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The Poker Shrink, Vol 41 - Cognitive Dissonance: Learning from the Bad Beat

The Poker Shrink, Vol 41 - Cognitive Dissonance: Learning from the Bad Beat 0001

Can you really learn from a bad beat? I mean, can you learn something other than the guy in the three seat is a donkey and the poker gods hate you?

First, let's be clear. A bad beat happens only when you get your money in with the best hand and the other player draws out on you with less than a 50% draw. In fact, some would go further and say a true bad beat has to be something with longer odds than a three-outer. But we all agree that a bad beat must be statistically a 'come from behind' event. The longer the odds of the second hand making the beat, the worse the beat feels.

Poker wisdom might say that you must forget the bad beat and just walk away. Next hand, next tournament, next session. There might just be something to learn, though, in taking the beat, but you need to be able to clearly analyze all of the elements that went into the painful experience. This is where cognitive dissonance comes into the picture.

Cognitive dissonance, as commonly understood, is the perception of incompatibility between two cognitions, which can be defined as any element of knowledge, including attitude, emotion, belief, or behavior.

When you take the bad beat you certainly have reactions that can include attitude (you get angry), emotion (you stalk away from the table talking to yourself), belief (that guy is a donkey!), and behavior (take it well or take it badly, it's still behavior).

Now, here comes the tricky part. The theory of cognitive dissonance states that contradicting cognitions serve as a driving force that compels the mind to acquire or invent new thoughts or beliefs, or to modify existing beliefs, so as to reduce the amount of dissonance (conflict) between cognitions. In non-scientific terms, conflict makes us uncomfortable, so we attempt to relieve that discomfort by coming up with new beliefs or behaviors to in some way reconcile this conflict.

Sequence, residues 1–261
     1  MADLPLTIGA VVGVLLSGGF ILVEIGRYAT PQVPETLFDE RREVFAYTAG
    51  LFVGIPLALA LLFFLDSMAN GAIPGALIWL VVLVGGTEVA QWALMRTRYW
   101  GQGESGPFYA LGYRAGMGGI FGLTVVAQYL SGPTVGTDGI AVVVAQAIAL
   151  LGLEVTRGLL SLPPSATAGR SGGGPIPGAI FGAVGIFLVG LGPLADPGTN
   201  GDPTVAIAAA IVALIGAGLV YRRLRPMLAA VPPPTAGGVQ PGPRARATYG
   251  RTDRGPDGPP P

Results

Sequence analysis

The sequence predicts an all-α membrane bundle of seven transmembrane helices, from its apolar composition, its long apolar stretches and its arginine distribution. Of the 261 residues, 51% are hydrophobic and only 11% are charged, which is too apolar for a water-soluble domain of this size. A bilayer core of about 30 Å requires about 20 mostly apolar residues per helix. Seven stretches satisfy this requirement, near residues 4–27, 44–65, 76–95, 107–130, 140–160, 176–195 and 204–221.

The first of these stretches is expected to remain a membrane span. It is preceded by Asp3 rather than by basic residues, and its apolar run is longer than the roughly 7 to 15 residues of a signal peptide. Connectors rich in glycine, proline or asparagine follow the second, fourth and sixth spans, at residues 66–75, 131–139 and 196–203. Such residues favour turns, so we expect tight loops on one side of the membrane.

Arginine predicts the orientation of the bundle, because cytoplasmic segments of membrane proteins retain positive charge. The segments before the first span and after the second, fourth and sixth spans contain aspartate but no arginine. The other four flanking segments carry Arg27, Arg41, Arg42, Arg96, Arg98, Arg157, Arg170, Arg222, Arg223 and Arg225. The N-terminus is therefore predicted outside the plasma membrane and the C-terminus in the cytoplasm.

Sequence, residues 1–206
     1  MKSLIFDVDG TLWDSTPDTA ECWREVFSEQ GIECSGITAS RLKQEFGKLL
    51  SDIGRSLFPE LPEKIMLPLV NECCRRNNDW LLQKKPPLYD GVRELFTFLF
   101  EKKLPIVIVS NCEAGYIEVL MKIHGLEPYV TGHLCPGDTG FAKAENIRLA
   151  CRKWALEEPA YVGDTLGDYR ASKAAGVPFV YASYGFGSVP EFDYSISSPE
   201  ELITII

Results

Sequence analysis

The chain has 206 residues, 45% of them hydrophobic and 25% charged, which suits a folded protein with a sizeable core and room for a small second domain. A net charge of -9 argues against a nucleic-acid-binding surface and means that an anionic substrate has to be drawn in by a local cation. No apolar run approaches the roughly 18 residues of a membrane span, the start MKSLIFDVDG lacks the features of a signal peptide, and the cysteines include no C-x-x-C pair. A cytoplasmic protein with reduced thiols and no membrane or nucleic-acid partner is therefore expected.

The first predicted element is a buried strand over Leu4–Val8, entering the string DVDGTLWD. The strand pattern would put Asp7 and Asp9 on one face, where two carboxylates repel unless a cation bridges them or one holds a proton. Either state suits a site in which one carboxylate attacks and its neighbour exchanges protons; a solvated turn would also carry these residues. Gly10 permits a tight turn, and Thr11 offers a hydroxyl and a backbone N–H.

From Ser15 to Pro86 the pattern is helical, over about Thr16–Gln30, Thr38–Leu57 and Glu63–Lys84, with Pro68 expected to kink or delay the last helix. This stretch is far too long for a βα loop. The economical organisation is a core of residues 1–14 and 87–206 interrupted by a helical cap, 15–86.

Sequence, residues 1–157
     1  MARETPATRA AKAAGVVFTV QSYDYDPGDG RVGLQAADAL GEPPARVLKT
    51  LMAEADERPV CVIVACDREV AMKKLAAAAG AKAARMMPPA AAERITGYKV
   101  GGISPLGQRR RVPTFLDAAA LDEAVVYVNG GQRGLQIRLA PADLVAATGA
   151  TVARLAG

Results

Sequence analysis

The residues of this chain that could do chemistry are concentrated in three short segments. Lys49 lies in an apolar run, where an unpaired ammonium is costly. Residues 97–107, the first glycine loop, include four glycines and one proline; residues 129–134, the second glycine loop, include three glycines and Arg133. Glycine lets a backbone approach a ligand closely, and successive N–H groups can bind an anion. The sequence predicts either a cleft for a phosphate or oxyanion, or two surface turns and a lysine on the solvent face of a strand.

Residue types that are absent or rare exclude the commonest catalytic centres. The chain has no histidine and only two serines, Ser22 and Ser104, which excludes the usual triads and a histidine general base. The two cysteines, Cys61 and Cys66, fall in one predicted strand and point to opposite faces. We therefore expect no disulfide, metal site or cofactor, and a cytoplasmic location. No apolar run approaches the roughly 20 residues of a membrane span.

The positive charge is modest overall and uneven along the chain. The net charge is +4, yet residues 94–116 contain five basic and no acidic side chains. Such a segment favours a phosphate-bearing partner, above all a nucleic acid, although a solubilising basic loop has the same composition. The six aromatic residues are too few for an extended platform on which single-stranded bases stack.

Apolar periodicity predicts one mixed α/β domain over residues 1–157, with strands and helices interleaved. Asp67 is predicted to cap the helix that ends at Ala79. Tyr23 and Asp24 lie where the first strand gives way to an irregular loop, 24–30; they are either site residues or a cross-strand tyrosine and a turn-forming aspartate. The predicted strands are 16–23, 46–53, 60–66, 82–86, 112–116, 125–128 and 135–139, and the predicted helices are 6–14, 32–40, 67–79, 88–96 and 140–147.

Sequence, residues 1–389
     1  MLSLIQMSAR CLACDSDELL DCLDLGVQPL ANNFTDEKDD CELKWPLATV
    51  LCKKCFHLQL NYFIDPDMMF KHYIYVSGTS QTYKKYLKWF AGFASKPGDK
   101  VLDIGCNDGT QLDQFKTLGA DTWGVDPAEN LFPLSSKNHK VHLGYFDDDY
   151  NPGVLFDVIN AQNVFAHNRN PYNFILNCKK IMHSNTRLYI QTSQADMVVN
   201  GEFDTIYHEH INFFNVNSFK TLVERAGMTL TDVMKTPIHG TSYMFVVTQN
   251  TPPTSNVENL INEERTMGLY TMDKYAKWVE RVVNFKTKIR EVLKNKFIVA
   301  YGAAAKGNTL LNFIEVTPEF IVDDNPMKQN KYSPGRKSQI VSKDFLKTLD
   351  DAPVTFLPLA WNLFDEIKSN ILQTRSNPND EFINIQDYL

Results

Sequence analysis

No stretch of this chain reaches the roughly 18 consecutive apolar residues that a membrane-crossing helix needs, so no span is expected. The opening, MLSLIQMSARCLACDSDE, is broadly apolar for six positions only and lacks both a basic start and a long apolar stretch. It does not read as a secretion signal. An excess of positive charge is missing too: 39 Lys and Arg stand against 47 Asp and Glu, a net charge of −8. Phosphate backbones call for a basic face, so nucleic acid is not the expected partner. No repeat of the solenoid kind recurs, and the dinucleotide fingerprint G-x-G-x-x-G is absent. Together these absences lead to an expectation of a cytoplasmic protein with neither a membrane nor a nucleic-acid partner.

This tension that we want to relieve will drive us to find new ways to do whatever it was we just did that caused the tension. But! In poker it is possible to relieve the discomfort and not learn anything at all. If you walk away from a bad beat and your entire thought process is 'That guy was an idiot' or 'I am just unlucky', then you have lost a valuable opportunity to improve your game.

Work with the tension. Work with the discomfort of the bad beat and ask yourself, "What really happened?" Just how good were your odds? Did you have another play that risked less of your stack? Was that player likely to make such a call based on his previous play? And if he was, did you have the best odds to make the call or that big re-raise?

You see, the discomfort we naturally feel when we take a big hit at the table presents an opportunity for analysis and improvement — but only if we put the right elements into the conflict. Only if our cognitive dissonance comes from an honest, factual assessment of the hand in question can we improve. Sure, maybe the guy did make a terrible call, but perhaps you also had been stealing like a bandit, and your all-in move looked like a semi-bluff to him. Maybe if you had checked and let him bet out, then come back over the top, he would have laid it down and there never would have been those runner-runner clubs.

Cognitive dissonance suggests that a bit of discomfort can be a good learning tool — in fact, a great learning tool — if we choose you use it.

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